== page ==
Masterpiece Cakeshop, Ltd. v. Colorado Civil Rights Commission (Sup. Ct. June 4, 2018), is about discrimination in public accommodations, not employment discrimination. Moreover, the Supreme Court decided the case on narrow grounds—the Court ruled against the Colorado Civil Rights Commission because the Commission had voiced remarks showing a disdain for religion. The Commission did not act as a neutral decision-maker in the dispute between Jack Phillips, the Christian owner of a bakery, and two gay men who asked Mr. Phillips to make them a wedding cake.
Therefore, it might seem that this case would have little to do with employment cases. However, employers frequently find themselves in the same position as the Colorado Civil Rights Commission—arbitrating disputes between two employees each of whom has a protected status, but whose interests clash. These disputes can relate to race, gender, age, religion, sexual orientation, or any other protected status.
Let’s just stick with religion—the primary issue in the Masterpiece Cakeshop case. I once dealt with an employment discrimination claim in which a woman was fired after she repeatedly answered the phone of her retail employer “In the name of Jesus Christ of Nazareth . . .” Needless to say, the non-Christian customers of this store (as well as many of the Christian customers) were offended to be greeted in this fashion.
At the time, the standard for religious accommodation in employment discrimination cases was whether accommodating the employee’s religious practices resulted in more than a “de minimis” burden on the employer. We successfully argued that offending our customers was more than a “de minimis” burden.
I still think that would be the result today. However, the Masterpiece Cakeshop decision makes it clear that religious practices are to be taken seriously.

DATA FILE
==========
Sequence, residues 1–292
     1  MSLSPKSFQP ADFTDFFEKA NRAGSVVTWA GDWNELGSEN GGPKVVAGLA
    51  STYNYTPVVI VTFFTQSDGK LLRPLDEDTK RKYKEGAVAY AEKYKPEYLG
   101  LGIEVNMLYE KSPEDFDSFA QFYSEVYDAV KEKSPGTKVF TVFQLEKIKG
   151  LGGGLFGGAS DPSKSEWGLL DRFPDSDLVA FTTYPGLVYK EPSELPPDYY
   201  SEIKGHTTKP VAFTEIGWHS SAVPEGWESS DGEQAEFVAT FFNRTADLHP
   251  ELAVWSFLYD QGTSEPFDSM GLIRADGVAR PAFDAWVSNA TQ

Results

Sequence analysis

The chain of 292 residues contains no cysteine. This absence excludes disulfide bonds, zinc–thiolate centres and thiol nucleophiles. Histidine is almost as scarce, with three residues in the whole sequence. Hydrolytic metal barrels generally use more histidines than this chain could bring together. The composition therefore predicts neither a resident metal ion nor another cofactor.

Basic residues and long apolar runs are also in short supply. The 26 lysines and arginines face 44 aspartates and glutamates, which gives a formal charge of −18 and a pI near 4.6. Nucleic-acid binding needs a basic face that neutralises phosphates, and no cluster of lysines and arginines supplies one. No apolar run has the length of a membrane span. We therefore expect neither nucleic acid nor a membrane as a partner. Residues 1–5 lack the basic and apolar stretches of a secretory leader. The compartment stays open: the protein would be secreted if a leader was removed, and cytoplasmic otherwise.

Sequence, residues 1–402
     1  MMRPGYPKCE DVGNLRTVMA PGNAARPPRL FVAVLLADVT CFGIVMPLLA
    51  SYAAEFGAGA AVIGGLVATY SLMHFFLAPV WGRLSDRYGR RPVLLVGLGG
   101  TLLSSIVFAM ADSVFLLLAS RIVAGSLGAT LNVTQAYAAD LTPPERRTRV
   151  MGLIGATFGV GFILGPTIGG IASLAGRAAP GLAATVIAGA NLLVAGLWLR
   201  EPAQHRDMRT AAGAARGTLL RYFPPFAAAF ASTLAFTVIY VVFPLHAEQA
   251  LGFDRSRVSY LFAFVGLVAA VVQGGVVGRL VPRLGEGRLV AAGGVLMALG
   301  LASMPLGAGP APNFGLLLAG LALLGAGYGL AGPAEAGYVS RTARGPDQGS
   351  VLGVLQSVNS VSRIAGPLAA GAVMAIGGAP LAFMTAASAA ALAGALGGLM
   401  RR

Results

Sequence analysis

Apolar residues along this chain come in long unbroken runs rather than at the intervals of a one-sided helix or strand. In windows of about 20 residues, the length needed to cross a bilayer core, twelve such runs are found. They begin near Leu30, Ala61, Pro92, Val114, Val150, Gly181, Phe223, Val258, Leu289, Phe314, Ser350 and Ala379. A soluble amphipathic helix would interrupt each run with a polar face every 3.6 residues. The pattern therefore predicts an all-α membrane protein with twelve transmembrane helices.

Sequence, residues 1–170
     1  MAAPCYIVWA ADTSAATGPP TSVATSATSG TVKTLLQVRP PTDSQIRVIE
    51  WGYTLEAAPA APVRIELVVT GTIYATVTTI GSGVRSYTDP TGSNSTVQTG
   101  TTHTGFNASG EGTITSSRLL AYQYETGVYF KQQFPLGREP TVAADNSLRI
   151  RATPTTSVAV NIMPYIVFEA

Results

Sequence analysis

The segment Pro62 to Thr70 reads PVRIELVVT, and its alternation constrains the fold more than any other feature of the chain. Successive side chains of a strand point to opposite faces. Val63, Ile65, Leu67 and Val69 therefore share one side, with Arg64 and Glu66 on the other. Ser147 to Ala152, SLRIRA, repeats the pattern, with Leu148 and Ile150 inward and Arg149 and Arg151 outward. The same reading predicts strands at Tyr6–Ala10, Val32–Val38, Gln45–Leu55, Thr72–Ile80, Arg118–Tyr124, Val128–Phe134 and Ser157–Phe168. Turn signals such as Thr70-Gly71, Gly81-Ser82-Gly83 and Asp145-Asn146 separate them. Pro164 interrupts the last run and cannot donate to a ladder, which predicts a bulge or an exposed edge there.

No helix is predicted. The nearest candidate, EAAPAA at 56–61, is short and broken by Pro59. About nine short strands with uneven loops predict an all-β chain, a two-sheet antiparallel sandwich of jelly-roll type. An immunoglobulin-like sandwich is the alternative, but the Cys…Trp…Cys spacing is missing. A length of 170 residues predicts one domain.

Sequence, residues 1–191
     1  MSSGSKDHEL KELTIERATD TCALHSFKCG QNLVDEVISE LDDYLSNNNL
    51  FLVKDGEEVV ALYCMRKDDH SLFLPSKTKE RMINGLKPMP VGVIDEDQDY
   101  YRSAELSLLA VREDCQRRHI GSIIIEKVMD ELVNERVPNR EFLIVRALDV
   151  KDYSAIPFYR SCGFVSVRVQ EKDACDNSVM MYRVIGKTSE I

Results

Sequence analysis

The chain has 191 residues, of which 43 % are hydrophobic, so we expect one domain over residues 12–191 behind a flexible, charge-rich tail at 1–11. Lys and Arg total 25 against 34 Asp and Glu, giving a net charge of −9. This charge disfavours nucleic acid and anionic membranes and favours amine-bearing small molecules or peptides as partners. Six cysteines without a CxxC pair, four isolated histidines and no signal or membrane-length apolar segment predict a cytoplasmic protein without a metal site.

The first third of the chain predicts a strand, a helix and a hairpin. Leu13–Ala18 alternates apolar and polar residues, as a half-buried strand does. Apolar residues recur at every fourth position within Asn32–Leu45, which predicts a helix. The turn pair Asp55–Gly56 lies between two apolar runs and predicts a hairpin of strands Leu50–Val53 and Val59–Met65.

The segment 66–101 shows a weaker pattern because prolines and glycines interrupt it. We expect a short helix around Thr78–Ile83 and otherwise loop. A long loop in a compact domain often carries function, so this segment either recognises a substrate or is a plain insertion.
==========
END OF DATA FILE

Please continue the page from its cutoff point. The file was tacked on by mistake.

In the case I described, we talked to the woman’s pastor, who told us (and her) that her church did not require her to answer the phone “In the name of Jesus Christ of Nazareth.” It’s clear under later precedents, however, that it doesn’t matter what the religious institution says, if the individual holds a sincere belief. Thus, this woman’s firmly held belief that she was called to answer the phone this way gave her protected rights, whether it was part of church doctrine or not.
And if we had belittled her in some way because of her belief or because of how she practiced her religion—as the Supreme Court found that Colorado Civil Rights Commission had belittled the cake baker—we might well have been liable for religious discrimination.
Justice Kennedy said in the majority opinion in Masterpiece Cakeshop,
“The Commission’s hostility was inconsistent with the First Amendment’s guarantee that our laws be applied in a manner that is neutral toward religion. Phillips was entitled to a neutral decisionmaker who would give full and fair consideration to his religious objection as he sought to assert it in all of the circumstances in which this case was presented, considered, and decided.”
Moreover, the Court focused on how the Colorado Civil Rights Commission treated Mr. Phillips differently than other bakers who refused to make cakes with messages opposing gay marriage—those bakers were allowed to refuse customers with whom they disagreed, while the Commission had required Mr. Phillips to bake a cake supporting an occasion his religious beliefs caused him to oppose.
As Justice Kennedy said,
“these disputes must be resolved with tolerance, without undue disrespect to sincere religious beliefs, and without subjecting gay persons to indignities when they seek goods and services in an open market.”
This is a tall order, but deference and courtesy on all sides is more likely to lead to a positive outcome than hostility and ridicule.
It is never easy to resolve situations when two protected interests clash. For me, the Masterpiece Cakeshop decision reemphasizes the importance of treating all interests with respect. At the end of the day, employers must choose sides, just as the Colorado Civil Rights Commission had to choose a side in this case. But all sides in the dispute should be heard and treated with courtesy and tolerance.
It would have been easy for my client to ridicule the employee who answered a business phone with an overtly religious message. But it would have been wrong. Just as it was wrong for the Colorado Civil Rights Commission to ridicule Jack Phillips and his beliefs.
When have you had to resolve a situation in which various employees’ protected rights clashed?